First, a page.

George Eliot

The Mill on the Floss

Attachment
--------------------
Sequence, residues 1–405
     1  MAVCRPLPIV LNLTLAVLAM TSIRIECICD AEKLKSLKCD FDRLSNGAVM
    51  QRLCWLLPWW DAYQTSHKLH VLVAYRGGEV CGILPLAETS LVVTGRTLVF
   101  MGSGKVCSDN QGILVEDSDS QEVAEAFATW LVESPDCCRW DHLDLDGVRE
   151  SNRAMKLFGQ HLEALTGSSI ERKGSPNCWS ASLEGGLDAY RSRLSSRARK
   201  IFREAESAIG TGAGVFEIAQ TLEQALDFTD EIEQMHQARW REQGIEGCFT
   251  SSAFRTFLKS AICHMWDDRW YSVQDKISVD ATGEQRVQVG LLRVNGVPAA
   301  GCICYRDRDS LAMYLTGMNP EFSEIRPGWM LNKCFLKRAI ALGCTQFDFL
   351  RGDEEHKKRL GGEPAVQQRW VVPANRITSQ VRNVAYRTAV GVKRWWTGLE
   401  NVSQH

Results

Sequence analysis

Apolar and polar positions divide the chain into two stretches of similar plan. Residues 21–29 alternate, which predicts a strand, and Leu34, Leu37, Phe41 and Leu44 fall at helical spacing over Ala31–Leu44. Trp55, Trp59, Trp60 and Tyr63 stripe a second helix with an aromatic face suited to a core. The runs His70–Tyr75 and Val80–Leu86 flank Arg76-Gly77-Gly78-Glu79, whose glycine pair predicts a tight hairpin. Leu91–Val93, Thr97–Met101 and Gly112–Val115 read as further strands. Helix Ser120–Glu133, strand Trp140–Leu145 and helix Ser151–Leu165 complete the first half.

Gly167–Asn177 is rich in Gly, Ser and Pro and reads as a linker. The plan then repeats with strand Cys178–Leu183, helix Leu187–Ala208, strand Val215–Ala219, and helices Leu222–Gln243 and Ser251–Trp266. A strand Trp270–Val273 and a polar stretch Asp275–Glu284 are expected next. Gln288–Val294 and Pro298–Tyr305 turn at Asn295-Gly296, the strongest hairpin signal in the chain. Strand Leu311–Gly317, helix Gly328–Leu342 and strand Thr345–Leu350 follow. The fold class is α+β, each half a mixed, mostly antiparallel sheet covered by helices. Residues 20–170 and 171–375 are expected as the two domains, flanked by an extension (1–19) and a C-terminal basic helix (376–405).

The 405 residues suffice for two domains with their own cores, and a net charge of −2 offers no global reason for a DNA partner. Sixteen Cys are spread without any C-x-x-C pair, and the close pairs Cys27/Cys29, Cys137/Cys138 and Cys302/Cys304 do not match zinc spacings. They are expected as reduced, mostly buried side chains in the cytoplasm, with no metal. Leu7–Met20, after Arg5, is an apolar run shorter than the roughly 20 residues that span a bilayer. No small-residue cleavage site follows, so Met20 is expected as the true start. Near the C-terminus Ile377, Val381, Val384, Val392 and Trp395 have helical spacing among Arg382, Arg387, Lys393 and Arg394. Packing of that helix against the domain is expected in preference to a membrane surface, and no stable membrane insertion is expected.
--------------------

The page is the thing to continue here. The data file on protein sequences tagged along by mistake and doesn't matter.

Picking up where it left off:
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The Mill on the Floss is George Eliot's second novel, and was published in 1860, only a year after her first, Adam Bede. It centres on the lives of brother and sister Tom and Maggie Tulliver growing up on the river Floss near the town of St. Oggs (a fictionalised version of Gainsborough, in Lincolnshire, England) in the years following the Napoleonic Wars, with both as young adults eventually meeting a tragic end by the Mill which the family holds so dear. In large measure, their lives are dominated by their father, a successful miller brought down by his inability to resist settling arguments in a court of law. Character differences between Tom and Maggie - he dour and rigid of thought, she lively and impulsive - seem to matter little in childhood, but eventually strain their relationship beyond breaking point. It is Maggie, however, who is the dominant character of the book, arguably one of the great characters of 19th century literature. Each of her relationships is vital to the narrative: with her parents, with Tom above all, but on a romantic level with Philip Wakem, the sensitive hunchbacked son of her father's (and Tom's) bitterest enemy, and with charming and urbane Stephen Guest, fiance of Maggie's cousin Lucy Deane. Maggie's life is changed utterly by an impulsive elopement which she turns back from, but too late to stop the inevitable abuse and contempt. This is a semi-autobiographical reflection of the vilification which George Eliot (Mary Ann Evans) herself had to endure while openly living with a married man, a time when her brother was willing to communicate with her only through lawyers. Eliot writes of character and relationships with an insight and sharp detail that few authors have ever equaled. It's a long book, but you will appreciate it for its depth
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